If WeWork stands as the logical extreme of over-capitalized startups with upside-down economics and reckless governance, its comeuppance appears to have raised suspicion over valuations of aggressive entrants into traditional industries generally.
And so the abandonment of upstart emerging-growth "disrupters" by investors goes beyond consumer Internet contenders, though.
Beyond Meat, the buzzy maker of synthetic meat substitutes going after the entire protein market, has seen its stock disgorge more than half of its furious early surge in the months after it's May initial offering. The stock's decline accelerated last week even after reporting a small profit as insiders were allowed to sell shares following the IPO "lockup" expiration. Beyond Meat was down more than 40% in October alone.
And the entire class of smaller software-as-a-service stocks — which soared to towering valuations as if all were destined to become the next Salesforce.com — have been cut down hard. The Global X Cloud Computing ETF (CLOU) has dropped 12% in three months even as incumbents Microsoft and Alphabet sit near record highs, for instance.
What, then, does this mean for the broad stock market, which is trudging along thanks to a plausible trough in earnings last quarter, a dose of Federal Reserve easing, low bond yields and inklings of a global-growth upturn?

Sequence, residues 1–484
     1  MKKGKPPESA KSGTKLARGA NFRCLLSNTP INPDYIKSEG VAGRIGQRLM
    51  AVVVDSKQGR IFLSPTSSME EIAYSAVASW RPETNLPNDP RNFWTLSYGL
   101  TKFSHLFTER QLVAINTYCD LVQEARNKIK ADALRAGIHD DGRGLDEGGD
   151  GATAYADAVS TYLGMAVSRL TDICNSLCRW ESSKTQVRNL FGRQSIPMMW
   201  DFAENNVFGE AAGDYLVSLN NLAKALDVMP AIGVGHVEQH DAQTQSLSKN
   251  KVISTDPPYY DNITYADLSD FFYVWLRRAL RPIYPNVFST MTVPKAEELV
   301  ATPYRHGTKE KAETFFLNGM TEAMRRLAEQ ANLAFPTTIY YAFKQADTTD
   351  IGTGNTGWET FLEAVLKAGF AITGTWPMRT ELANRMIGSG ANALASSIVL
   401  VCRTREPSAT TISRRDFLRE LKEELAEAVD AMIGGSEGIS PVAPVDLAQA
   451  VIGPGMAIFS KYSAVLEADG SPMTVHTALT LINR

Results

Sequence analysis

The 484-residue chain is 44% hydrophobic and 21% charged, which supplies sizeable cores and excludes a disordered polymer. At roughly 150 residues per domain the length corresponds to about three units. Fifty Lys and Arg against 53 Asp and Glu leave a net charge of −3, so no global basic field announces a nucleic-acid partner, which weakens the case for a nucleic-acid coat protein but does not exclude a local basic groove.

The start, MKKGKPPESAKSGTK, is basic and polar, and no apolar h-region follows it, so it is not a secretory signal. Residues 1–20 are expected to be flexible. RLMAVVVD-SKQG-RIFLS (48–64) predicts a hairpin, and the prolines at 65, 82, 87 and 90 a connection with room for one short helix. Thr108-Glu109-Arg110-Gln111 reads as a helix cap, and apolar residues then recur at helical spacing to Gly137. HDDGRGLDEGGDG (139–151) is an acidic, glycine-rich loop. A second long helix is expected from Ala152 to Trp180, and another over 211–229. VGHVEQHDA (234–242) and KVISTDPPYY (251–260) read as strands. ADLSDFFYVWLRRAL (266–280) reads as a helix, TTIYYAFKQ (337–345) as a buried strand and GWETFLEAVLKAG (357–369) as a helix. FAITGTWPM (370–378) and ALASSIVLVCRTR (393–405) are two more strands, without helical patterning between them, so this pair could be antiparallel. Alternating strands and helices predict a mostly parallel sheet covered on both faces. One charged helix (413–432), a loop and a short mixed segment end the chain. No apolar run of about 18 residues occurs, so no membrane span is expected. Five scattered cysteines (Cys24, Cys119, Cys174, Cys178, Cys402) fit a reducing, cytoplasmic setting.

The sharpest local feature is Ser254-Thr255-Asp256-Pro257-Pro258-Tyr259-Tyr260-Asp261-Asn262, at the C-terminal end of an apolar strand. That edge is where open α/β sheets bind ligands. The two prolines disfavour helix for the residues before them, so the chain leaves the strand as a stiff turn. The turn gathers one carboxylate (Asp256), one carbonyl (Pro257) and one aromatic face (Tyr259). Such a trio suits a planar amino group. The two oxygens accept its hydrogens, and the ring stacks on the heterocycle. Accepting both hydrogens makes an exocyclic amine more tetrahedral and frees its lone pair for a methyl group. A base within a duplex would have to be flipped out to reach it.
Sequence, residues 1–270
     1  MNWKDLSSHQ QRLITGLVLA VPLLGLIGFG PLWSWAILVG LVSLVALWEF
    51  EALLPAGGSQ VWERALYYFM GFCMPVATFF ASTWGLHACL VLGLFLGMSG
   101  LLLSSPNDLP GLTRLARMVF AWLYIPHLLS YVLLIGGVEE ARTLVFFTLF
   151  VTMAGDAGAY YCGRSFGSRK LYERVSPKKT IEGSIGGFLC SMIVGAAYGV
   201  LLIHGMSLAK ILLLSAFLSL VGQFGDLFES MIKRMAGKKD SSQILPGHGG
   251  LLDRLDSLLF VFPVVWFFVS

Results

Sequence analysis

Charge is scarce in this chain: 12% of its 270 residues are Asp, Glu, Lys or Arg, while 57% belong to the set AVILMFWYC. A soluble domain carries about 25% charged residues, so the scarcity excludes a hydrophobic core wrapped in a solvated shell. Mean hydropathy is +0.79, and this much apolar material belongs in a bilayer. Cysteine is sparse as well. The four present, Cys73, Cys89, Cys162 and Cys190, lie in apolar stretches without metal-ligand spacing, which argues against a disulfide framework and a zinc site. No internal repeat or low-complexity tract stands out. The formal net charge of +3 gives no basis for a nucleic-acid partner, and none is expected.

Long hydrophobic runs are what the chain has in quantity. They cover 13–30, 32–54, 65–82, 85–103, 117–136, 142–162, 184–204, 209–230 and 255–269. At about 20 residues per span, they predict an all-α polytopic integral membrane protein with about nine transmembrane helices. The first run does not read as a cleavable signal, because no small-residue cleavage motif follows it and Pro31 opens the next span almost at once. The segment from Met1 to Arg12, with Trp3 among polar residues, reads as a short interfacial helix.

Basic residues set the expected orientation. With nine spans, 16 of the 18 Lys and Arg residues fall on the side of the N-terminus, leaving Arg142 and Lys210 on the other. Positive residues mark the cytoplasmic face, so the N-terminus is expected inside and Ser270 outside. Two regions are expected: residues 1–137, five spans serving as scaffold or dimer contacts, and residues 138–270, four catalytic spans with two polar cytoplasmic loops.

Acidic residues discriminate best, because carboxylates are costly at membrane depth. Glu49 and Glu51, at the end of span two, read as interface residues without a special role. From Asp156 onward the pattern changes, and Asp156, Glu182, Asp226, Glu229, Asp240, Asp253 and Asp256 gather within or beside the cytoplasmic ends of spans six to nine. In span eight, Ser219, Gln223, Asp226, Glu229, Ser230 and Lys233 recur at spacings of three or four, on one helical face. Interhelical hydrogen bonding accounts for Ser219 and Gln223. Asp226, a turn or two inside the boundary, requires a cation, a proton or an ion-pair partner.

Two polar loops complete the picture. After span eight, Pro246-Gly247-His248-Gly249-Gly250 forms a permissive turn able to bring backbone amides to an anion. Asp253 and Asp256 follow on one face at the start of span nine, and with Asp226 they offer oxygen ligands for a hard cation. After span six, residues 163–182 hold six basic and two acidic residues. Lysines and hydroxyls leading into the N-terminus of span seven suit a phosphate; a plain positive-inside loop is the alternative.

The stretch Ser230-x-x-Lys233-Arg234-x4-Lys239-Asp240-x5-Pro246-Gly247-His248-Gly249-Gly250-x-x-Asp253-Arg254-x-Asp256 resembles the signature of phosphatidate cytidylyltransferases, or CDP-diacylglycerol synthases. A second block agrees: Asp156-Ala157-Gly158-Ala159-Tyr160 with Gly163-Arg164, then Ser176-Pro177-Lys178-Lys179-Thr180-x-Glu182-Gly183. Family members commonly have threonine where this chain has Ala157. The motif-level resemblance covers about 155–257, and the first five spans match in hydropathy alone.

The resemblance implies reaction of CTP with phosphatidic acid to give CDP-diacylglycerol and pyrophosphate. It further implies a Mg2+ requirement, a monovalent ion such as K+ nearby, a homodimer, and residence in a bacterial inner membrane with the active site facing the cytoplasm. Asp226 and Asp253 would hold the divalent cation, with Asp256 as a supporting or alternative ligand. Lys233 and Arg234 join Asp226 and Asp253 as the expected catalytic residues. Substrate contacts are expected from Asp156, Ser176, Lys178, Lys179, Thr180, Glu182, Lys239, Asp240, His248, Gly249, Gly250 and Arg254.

It means investors collectively are spurning the hope-and-hype business models for dominant established "platform" companies and battle-tested Old Economy businesses priced at a sensible multiple of stable cash flows.
As Wayfair and GrubHub were tanking last month, shares of General Electric were improving persuasively off a low base and some of the best performers in the S&P 500 included Apple, Charter Communications, truck-maker Paccar and legacy-tech stalwart Hewlett-Packard Enterprise.
Which is to say it remains a discerning, uneven market. The equal-weighted version of the S&P 500 has trended lower over the past year versus the standard market-cap-weighted index - a sign the "average stock" is fading relative to the mega-caps.
Jeff deGraaf of Renaissance Macro Research says, this pattern "is not necessarily bearish. All it tells us is that there's an advantage to large cap versus small cap names versus the average name in the index, but making a bearish market call because of it is at best a premature indicator."
The clinging by investors to bigger companies fits with the broad view of a fairly late-cycle phase of the bull market, though we've seen signs of economically sensitive groups gaining traction as perhaps the economy emerges from a soft patch. The trend also speaks to the winner-take-most nature of this tech-enabled economy.
Before this year, the oncoming rush of unicorn IPOs was viewed as having two-sided risk. On one hand, a breathless and heedless stampeding into these brand-name startups might have generated a speculative froth and overconfidence in easy money - as in the later 1990s.
On the other side was a sense that rejection of this class of unicorns by public investors would mark a peak in risk appetites and undercut the valuation of the listed tech sector.
So far, the market seems to be navigating a middle way between these hazards: Buying some of these IPOs, but insisting on discounts. Testing the upstart Internet concepts with harsher business-model scrutiny, and selling them summarily when they come up short.
In the writing craft, "killing one's darlings" is meant to produce cleaner, less-indulgent copy. Perhaps, if investors are lucky, doing something similar with the most convoluted and incoherent business models can produce for the market a more streamlined, rational story.